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Europe's markets open down despite bank rate cuts

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Europe's markets open down despite bank rate cuts


Europe’s major indexes have all opened down despite record rate cuts by the ECB and central banks across Europe.

Frankfurt, London and Paris’s markets all started trading lower with investors nervously awaiting dismal unemployment data from the US.

The move to lower interest rates for the 15 eurozone countries from 3.25 percent to 2.5 percent is an attempt to bolster Europe’s faltering economies.

While big by ECB standards, the cut was tame compared to Sweden which set the ball rolling with a 1.75 percent cut, followed by the UK with a 1 percent reduction by the Bank of England.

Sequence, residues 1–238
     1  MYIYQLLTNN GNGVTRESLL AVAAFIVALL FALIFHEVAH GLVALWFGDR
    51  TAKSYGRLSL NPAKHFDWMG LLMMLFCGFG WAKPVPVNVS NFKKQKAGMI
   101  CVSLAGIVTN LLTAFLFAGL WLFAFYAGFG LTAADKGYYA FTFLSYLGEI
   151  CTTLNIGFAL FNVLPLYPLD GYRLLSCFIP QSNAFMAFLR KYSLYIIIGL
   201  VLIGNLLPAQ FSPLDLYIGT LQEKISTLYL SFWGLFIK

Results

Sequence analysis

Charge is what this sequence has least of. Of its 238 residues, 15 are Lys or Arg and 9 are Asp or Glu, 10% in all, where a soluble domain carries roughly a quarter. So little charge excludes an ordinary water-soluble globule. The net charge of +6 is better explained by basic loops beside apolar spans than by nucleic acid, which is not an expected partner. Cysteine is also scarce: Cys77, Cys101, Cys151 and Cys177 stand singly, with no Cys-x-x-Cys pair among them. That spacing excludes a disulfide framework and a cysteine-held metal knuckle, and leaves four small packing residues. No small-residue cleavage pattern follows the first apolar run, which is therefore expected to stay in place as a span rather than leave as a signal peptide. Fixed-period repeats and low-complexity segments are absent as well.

British Prime Minister Gordon Brown has urged Britain’s high street banks to pass on the historic rate reduction. The lowest in the UK since 1951.

The interest rate cuts, which have made lending the cheapest since the second World War, is also an attempt to get shoppers spending again, ahead of Christmas when businesses make the lion’s share of their sales.

However, many analysts are saying it is too little too late, expecting another cut to come in the New Year.

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